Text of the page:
Cat Desexing (neutering)
Desexing your cat is a routine procedure performed to keep your feline friend as healthy as possible and keep them from developing some very nasty diseases.
In general, there are three options when deciding when to desex your cat:
- Early or pediatric desexing/spay is performed between six and eight weeks of age.
- Standard desexing/spay is performed at five to six months.
- After the first heat, between eight and twelve months.
I recommend the desexing of cats from around 5-6 months of age to keep your cat healthy. The procedure is very different for male cats (castration) and female cats (spey).
Castrations are one of the quickest procedures that your veterinary surgeon will perform. Quite simply, it’s the removal of testicles, that removes the reproductive capability of male cats. The procedure is performed under a general anesthetic so your cat won’t remember or feel a thing. No sutures or staples are required for this surgery and the surgical wounds are minute!
Quite simply, a spey is the removal of the female reproductive organs of your cat. Speys are important for your female cat. It can help to prevent many deadly conditions such as an infection of the uterus and breast cancer. Speys are a little more complicated, but not to worry, your companion will be in safe hands. The newer methods involve only a very small incision, where no sutures are left within the abdomen.
There are two ways to desex you female cats, both under general anaesthetic:
This is the traditional method of desexing and has been done for many years. In this method, the approach is made on the middle of the tummy. The ovaries and the uterus are removed and suture material is left inside the abdomen to stop the bleeding. As the surgeon has greater access to the abdomen, this approach may be associated with fewer complications. A Midline spey is preferable for cats in season, and those that have a uterus that is prone to bleeding.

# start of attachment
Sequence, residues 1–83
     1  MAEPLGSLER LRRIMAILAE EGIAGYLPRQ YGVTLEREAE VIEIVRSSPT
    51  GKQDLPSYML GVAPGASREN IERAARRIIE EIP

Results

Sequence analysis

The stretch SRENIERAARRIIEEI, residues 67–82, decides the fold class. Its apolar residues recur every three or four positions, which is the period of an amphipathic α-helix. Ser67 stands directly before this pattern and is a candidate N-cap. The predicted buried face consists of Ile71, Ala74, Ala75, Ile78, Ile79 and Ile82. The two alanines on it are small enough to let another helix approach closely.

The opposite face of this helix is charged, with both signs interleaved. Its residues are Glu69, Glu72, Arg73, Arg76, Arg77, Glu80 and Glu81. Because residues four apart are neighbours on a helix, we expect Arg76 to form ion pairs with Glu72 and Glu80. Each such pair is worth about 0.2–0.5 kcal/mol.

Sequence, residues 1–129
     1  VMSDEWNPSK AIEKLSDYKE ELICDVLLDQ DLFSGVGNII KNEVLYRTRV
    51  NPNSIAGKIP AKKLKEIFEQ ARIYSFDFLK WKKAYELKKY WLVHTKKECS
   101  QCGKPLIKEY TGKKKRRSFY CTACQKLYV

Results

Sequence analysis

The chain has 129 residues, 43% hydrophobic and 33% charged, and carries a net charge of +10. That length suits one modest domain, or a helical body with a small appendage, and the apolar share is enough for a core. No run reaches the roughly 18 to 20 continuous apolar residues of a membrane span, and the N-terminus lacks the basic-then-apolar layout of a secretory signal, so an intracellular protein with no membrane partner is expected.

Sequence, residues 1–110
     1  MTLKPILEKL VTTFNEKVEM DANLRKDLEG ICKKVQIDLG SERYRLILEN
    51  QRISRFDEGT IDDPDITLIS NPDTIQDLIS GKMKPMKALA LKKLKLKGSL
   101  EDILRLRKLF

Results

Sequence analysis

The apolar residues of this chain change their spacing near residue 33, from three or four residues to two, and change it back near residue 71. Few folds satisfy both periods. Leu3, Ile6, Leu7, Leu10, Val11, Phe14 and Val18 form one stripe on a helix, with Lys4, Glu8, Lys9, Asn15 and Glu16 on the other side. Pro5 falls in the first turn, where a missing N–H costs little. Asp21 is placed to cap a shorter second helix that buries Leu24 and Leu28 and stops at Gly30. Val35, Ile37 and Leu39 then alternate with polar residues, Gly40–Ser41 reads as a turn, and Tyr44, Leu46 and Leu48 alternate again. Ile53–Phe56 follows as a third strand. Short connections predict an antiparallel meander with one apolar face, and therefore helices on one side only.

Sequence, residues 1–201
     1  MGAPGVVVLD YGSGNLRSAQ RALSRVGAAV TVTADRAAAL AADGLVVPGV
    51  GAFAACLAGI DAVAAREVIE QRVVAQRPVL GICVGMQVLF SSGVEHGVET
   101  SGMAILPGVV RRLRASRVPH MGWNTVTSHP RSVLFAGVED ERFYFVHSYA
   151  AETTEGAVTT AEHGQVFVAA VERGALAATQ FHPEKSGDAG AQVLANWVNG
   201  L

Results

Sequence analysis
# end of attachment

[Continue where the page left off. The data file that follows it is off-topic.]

The flank spay is a different approach entirely. A minute incision is made on the left hand side of abdomen and the ovaries and uterus are removed with the aid of a special tool called the caiman. This advanced surgical tool uses energy to seal the blood vessels and stem the flow of blood. There is no need to leave any suture material in the abdomen. Removing the risk of suture reaction. Flank speys are often preferred, as they ensure better and faster wound healing, which reduces the risk of complications during healing.
It is incredibly important to desex you cat. Especially if they will be outdoor cats.
Entire outdoor cats are at very high risk of developing unwanted pregnancies and are very at risk of developing FIV and FELV (both viruses that pose a huge risk to their health).
Dr Matt Wilkinson studied his veterinary degree at the Royal Vet College in London. He graduated in 2014 and has worked with small animals in the UK for the past two years. He decided to move over to Australia for new challenges. Matt likes being a vet because he loves animals and loves the variety of each day. He enjoys learning about the ever-changing veterinary environment and being able to put his skills into practice. Matt is also responsible for felines at the Lion’s Den cat hotel